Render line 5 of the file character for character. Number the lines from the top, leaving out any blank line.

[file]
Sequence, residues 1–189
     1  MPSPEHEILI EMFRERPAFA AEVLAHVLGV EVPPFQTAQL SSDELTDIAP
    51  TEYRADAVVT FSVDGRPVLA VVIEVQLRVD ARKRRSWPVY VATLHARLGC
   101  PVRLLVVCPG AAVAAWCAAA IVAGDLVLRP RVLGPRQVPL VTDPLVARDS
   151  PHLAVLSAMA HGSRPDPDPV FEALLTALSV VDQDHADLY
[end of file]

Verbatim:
   151  PHLAVLSAMA HGSRPDPDPV FEALLTALSV VDQDHADLY